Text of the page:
Understanding these dangerous implications, India has developed its nuclear strategy based on deterrence by punishment. It does not believe in war-fighting with nuclear weapons and considers limited nuclear war an oxymoron. Its nuclear doctrine categorically establishes that retaliation in case of any use of nuclear weapons would be designed to cause unacceptable damage. The same thought was reiterated by Prime Minister Narendra Modi when he announced the first deterrent patrol of INS Arihant. As other nuclear-armed states once again explore old ideas of limited nuclear war, India must stay the course on its stated nuclear doctrine and try to send this message across through the platforms it is able to use. May 2019 bring greater nuclear sense across the world.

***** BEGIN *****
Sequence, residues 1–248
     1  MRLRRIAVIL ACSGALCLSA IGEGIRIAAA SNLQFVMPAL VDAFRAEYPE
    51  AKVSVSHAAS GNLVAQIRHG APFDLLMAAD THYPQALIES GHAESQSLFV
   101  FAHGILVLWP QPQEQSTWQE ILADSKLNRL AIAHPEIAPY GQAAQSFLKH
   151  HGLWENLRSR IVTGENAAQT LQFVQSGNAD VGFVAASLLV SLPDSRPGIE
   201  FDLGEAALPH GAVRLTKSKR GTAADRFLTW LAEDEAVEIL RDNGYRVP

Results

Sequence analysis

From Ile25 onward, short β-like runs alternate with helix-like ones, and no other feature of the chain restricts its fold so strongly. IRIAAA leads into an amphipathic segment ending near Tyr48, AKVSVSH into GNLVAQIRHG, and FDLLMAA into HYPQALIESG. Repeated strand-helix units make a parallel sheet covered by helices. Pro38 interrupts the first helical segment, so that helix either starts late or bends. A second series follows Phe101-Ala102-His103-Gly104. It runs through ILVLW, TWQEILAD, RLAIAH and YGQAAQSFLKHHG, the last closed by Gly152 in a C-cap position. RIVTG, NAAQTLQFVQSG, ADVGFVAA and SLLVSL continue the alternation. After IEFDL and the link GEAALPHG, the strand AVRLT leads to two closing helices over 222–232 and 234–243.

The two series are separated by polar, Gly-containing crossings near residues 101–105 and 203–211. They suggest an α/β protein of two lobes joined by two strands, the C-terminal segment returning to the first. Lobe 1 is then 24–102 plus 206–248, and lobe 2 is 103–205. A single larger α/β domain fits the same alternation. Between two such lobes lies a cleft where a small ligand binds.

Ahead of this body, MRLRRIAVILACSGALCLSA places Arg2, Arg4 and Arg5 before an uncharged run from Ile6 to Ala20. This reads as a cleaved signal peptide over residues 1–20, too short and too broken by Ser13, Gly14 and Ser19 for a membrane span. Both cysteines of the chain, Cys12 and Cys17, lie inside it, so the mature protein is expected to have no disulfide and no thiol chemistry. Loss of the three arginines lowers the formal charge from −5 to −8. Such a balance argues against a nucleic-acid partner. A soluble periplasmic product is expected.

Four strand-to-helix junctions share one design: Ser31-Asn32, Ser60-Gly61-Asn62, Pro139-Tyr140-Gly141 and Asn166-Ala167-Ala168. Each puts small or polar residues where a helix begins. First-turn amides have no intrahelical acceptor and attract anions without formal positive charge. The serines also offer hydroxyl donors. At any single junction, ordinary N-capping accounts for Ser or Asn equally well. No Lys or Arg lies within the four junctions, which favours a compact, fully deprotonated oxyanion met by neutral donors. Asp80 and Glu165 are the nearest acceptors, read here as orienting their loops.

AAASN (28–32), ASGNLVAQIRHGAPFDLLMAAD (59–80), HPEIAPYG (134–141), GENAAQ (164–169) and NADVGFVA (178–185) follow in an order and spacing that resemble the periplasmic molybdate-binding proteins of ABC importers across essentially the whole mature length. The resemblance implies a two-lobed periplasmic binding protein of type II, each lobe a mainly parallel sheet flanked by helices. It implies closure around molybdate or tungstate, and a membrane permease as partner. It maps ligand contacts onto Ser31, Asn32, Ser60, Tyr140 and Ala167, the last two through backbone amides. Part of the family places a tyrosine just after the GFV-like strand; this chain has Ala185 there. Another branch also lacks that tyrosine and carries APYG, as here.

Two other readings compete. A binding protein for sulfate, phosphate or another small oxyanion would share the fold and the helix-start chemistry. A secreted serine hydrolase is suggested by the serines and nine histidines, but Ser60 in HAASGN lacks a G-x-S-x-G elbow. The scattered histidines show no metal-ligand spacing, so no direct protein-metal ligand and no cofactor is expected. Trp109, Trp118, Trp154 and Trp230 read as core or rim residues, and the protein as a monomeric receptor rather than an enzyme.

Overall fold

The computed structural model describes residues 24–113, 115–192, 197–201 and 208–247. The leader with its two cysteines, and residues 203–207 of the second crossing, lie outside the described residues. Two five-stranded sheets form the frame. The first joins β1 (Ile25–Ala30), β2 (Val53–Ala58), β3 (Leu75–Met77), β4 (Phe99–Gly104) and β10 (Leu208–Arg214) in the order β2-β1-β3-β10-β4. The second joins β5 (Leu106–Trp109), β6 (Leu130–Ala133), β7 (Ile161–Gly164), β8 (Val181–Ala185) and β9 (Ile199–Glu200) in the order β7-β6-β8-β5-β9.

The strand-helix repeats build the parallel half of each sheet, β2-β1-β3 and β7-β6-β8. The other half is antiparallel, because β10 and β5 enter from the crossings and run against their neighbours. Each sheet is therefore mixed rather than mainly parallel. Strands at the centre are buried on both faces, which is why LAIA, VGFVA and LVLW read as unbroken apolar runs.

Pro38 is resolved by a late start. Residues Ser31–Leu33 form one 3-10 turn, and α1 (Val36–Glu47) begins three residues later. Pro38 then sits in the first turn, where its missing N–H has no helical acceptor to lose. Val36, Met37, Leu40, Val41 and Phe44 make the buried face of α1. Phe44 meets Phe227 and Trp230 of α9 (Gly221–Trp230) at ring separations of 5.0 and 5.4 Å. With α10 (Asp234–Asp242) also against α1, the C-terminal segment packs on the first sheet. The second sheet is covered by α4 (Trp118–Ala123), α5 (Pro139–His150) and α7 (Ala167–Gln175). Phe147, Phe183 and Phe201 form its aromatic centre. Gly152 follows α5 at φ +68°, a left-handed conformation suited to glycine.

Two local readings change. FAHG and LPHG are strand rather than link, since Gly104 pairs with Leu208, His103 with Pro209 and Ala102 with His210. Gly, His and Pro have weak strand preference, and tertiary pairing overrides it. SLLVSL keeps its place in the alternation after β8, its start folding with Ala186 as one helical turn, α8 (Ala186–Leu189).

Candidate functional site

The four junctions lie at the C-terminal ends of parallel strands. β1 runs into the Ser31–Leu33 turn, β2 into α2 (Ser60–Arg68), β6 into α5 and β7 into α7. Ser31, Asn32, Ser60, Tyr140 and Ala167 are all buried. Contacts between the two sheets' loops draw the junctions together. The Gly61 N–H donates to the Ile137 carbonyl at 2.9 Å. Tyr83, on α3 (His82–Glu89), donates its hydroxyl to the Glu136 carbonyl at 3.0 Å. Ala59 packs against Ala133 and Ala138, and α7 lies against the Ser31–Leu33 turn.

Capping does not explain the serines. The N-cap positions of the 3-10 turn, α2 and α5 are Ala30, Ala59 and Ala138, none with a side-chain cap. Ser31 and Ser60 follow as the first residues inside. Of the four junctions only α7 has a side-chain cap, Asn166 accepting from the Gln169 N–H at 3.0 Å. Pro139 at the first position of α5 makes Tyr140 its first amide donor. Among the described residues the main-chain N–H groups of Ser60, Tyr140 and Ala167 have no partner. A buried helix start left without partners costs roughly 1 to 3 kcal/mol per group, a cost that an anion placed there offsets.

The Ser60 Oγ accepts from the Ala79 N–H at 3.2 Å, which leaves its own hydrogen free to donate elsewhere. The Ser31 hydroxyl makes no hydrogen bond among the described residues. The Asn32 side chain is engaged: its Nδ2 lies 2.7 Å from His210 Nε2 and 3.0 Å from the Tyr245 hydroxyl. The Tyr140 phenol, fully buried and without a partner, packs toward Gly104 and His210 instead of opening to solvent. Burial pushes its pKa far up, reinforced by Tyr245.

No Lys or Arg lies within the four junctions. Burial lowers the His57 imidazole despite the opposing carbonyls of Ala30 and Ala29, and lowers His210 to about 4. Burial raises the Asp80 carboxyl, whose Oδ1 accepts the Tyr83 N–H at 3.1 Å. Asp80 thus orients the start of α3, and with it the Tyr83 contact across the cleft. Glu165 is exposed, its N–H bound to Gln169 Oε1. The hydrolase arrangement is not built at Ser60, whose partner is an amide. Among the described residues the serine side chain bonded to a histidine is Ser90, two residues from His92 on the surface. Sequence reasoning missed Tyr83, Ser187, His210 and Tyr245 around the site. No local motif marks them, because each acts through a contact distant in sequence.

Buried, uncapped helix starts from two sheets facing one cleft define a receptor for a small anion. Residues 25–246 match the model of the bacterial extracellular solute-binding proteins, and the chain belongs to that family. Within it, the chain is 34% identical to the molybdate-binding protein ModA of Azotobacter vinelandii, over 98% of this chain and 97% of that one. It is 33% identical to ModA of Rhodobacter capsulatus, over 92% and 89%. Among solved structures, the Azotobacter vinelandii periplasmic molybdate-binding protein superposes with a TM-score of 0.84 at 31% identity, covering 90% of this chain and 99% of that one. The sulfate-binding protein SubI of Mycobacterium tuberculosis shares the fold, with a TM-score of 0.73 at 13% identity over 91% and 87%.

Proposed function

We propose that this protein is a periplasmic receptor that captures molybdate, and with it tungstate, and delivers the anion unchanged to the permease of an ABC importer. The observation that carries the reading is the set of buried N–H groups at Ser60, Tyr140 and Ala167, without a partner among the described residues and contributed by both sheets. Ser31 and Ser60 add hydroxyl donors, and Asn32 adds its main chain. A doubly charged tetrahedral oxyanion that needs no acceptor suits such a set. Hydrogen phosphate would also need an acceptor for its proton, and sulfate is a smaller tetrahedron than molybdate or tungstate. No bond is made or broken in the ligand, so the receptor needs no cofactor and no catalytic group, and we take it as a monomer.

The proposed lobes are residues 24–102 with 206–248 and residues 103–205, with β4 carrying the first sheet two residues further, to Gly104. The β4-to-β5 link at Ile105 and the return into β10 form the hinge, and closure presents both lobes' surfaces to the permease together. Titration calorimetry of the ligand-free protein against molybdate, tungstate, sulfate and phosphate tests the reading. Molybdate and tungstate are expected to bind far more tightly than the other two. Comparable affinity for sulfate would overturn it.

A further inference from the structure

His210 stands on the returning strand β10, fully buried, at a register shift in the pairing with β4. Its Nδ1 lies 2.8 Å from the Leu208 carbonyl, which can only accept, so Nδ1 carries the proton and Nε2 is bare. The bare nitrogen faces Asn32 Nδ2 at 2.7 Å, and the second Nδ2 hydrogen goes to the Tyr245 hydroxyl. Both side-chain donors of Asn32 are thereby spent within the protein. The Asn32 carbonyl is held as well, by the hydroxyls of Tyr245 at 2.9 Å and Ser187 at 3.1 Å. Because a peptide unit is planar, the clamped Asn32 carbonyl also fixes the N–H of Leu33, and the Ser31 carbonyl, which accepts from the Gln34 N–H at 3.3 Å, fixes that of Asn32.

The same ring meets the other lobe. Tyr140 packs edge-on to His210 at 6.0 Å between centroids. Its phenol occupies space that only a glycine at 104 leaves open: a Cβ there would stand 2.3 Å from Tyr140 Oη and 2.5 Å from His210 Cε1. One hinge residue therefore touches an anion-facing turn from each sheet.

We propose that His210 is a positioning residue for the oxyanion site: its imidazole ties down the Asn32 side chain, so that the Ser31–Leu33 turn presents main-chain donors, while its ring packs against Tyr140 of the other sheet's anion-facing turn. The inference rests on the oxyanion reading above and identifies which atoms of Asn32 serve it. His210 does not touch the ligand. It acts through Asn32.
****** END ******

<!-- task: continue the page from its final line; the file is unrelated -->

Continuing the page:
Dr Manpreet Sethi is Senior Fellow, Centre for Air Power Studies (CAPS), New Delhi.